Cressall: It's based on what I personally believe on the amount that they feel is a fair price that they want to charge for it in that particular community. Of course there are expenses that they have; in some communities there is a heavier distribution fee to bring that fuel out to more of an outlying area. I don't realistically think that's an issue here in the Santa Clarita Valley.
Signal: Sometimes it's cheaper in the Antelope Valley. It would seem it would cost more to truck fuel to Lancaster.
Cressall: One of the recent things that I've seen that has had an impact on the price zones are the mass-marketing retailers of gasoline, such as Costco. And some of the supermarkets are going into that. They're using that as a loss leader to bring people to their facility, so they're selling that fuel at a substantially lower price. When the oil company determines what they're going to price the fuel at in that price zone, they take their own surveys of what people are typically charging and then they back into that number and establish their price.
Signal: So with zone pricing, you're paying for the privilege of living in Santa Clarita.
Cressall: That could be said, yes. Exactly.
Signal: They charge you because they can.
Signal: Is there an effort to change that?
Cressall: The retailers have long been taking issue with that with the oil companies. But the oil companies have been very selective of the information that they would give us. And they have never disclosed, to my knowledge, to myself or anybody that I'm aware of, their formulas that they use for establishing what that price zone is.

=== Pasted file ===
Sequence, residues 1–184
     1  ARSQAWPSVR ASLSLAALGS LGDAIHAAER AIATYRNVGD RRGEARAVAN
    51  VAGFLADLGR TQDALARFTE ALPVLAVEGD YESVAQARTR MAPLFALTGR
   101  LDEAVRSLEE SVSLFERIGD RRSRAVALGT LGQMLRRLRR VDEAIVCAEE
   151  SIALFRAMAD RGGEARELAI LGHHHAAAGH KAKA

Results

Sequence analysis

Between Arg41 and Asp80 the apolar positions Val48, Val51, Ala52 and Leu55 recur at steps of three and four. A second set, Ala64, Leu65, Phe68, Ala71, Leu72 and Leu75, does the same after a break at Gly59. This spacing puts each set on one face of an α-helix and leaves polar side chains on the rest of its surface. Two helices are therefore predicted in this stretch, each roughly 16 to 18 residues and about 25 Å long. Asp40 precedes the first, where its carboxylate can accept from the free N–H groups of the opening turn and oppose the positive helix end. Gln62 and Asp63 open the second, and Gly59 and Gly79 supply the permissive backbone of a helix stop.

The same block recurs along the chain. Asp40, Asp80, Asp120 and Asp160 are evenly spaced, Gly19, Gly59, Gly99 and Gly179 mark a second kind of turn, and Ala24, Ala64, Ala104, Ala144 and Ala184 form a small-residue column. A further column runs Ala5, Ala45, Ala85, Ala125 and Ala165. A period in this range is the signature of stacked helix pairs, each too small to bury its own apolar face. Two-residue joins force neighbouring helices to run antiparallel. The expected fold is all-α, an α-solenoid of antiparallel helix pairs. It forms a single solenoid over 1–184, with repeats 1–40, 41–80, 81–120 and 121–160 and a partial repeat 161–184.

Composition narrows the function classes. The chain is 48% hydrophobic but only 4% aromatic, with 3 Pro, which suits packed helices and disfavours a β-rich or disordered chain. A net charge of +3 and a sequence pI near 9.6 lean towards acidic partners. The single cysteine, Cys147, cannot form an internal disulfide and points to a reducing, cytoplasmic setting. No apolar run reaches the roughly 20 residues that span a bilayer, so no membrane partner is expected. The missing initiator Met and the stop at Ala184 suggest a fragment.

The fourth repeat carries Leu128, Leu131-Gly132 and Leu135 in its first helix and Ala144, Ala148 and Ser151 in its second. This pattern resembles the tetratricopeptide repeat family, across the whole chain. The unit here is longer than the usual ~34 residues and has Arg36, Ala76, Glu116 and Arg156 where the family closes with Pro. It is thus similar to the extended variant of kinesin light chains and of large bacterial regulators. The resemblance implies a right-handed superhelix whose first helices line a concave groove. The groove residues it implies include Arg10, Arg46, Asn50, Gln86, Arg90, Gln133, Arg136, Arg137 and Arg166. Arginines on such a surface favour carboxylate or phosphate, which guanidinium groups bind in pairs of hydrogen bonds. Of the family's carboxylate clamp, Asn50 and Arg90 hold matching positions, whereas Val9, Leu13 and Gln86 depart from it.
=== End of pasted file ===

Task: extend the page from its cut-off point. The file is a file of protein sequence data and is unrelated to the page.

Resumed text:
Signal: Do you own your gas station?
Cressall: Yes. We've made the investment, and it is a considerable investment. A typical gasoline station today, just a plain gasoline station, probably costs about $2 million or more to develop and build. A lot of that has increased to a high level because of the regulations that are placed on us.
Signal: What are the different ownership structures? Chevron owns some stations itself, doesn't it?
Cressall: Chevron does. For example, Chevron owns the station located at Magic Mountain (Parkway and The Old Road). But most of the others are what we would call two-party dealerships, where there is an operator that owns the location and is buying fuel directly from Chevron.
Signal: So yours is not a franchise?
Cressall: Chevron does not call it a franchise. They call it a dealer operating agreement and a supply agreement. So no, it's not directly a franchise. We could change and move to any brand of fuel that we want.